BPA proposes variable rate plan for customers


By the OGJ Online Staff

HOU.S.TON, Feb. 22, 2001—Bonneville Power Administration proposed a settlement to many of its rate cases by agreeing to a variable rate scheme that adjusts according to demand for power and the price of wholesale power.

The new variable rates will change every 6 months instead of being fixed for a 5-year period.

Customers that can reduce load through conservation will benefit with lower rates and if the wholesale market ever settles down that will also decrease rates. The not-for-profit BPA generates as much as 11,000 MW of hydroelectric power and owns and operates the largest transmission system in the northwest. Generation and transmission is sold to area utilities and other large end users.

BPA had previously tried to work out a fixed 5-year rate that would have meant rate increases averaging 60% or more over the rate period for most customers.

"But given the volatility of the market, that strategy just wasn't going to work. This [variable rate] proposal effectively addresses the turbulent market we are operating in," said Paul Norman, BPA senior vice president.

The new rate plan means rates adjust depending on BPA's actual customer demand for power and the actual amount and price of power purchased on the wholesale market.

BPA agreed with customers that this new rate structure would allow adequate collection of revenue to cover costs but provide no more revenue than actually needed.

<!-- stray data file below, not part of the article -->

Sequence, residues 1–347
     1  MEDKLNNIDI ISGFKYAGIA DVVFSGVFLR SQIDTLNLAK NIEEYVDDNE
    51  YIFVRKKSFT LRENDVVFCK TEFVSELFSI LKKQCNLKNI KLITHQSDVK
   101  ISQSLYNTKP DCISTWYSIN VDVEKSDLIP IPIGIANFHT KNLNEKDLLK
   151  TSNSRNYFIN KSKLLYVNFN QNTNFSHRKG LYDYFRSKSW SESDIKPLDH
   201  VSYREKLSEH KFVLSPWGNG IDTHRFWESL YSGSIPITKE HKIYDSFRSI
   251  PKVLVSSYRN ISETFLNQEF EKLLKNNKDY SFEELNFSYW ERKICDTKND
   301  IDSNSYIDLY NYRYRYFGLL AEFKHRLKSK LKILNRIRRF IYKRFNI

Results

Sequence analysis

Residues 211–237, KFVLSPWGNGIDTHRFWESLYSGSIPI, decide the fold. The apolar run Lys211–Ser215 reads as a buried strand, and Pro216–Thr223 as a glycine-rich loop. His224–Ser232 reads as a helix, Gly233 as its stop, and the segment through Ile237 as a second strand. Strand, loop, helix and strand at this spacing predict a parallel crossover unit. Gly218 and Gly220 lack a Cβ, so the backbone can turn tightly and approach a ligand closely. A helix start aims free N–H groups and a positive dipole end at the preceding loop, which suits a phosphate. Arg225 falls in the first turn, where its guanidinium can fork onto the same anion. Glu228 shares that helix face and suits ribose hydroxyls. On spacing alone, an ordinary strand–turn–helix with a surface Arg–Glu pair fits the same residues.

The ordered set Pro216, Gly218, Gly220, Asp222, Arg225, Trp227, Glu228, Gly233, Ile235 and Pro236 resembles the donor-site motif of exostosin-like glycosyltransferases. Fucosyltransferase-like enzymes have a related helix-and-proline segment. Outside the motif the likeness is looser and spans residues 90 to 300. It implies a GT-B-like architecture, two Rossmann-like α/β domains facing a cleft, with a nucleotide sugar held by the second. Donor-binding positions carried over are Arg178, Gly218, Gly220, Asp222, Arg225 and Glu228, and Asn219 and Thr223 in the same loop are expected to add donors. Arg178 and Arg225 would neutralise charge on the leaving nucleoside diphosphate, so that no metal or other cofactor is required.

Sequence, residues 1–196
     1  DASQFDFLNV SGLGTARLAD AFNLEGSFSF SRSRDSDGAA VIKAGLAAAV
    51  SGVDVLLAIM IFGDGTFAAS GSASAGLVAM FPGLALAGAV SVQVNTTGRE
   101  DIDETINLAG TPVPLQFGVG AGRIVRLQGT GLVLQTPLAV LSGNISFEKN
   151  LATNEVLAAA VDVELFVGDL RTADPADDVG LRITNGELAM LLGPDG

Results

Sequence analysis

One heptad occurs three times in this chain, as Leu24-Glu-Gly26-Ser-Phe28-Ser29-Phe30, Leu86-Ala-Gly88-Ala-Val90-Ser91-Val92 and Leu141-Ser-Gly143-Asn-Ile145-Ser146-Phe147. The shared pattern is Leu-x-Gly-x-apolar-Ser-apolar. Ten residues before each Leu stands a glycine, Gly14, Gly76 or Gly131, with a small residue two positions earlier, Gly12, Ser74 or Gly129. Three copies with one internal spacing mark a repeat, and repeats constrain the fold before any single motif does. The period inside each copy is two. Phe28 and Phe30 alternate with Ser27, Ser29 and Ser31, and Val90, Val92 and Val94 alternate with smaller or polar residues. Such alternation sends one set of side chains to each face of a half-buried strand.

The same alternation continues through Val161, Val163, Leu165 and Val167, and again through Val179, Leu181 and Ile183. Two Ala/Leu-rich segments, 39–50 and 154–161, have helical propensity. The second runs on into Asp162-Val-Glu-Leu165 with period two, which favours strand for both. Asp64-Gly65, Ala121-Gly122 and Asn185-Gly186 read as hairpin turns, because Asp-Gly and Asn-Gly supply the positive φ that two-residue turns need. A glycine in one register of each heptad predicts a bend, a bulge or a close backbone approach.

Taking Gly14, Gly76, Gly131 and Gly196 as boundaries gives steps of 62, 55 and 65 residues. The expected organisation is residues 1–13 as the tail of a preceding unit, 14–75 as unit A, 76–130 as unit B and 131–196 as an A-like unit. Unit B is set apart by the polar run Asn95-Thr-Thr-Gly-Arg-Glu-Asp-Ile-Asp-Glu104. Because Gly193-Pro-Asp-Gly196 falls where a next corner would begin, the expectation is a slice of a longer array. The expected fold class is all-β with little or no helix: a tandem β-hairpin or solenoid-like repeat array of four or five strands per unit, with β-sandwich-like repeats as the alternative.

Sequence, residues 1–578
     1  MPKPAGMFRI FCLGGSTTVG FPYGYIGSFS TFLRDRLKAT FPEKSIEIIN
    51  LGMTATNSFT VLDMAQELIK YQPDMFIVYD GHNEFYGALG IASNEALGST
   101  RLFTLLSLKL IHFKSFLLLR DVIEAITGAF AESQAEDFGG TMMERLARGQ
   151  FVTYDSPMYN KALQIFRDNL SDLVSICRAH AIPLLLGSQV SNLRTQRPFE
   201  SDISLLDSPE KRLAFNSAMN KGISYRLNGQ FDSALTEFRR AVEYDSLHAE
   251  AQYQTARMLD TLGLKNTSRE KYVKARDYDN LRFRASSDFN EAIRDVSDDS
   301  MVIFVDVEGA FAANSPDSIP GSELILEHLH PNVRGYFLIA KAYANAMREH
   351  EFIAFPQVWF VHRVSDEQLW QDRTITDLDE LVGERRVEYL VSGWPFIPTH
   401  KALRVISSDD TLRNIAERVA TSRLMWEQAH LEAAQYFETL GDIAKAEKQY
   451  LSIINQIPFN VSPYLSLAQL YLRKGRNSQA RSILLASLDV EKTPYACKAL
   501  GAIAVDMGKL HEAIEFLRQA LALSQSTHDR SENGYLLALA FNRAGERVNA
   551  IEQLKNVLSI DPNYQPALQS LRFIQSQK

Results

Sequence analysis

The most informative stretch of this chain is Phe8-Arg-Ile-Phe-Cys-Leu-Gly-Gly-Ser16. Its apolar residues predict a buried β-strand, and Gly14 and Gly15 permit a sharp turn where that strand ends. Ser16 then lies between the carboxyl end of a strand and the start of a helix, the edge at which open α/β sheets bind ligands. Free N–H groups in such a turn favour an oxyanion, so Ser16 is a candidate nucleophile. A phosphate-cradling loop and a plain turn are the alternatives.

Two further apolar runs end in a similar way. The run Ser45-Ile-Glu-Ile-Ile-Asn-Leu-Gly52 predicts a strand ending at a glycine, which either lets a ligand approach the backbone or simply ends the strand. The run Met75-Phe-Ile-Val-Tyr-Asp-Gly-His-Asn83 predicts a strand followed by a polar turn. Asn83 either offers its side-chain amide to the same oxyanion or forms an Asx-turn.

Two fundamental changes in BPA's market contributed to the upward pressure on rates. First, customers were demanding more power from BPA than previously. And second, wholesale power prices increased to an unprecedented level. On top of this, BPA had to buy power in a very volatile market.

Rates under the new plan could mean a miniscule 2.4% increase for an additional 500 MW in a $30/MW-hr market or a 453% rate increase to acquire 3,000 MW in a $325/MW-hr market. Actual rates would likely lie between those extremes depending on market conditions, customer actions, and consumer energy conservation.

BPA must set rates so that all of its costs are covered including obligations to creditors. The annual payment to the U.S. Treasury includes principal and interest on investments made by the federal government in the hydroelectric power and transmission systems.

If BPA overcollects beyond its costs and debt obligations, the excess funds will be returned to ratepayers in the form of a dividend distribution.

Norman also said that rates include the funds needed for BPA's fish and wildlife obligations and that funding would come before any dividend would be returned to ratepayers.

BPA is also working on ways to reduce the amount of power it will have to buy on the wholesale market.

Today, the federally owned power administration announced it was soliciting proposals for 1,000 MW of wind power. The proposals spell out projects with a minimum of 15 average megawatts or 40 to 60 MW of nameplate capacity. BPA is favoring larger projects with potential for expansion.

The settlement agreement on the rates is not final yet, Norman adds. All parties will consider the final proposal this week and BPA expects to complete the rate case and issue final rates by June 20 to be effective Oct. 1. The new rates require approval by the Federal Energy Regulatory Commission.

Contact Annd@OGJOnline.com.

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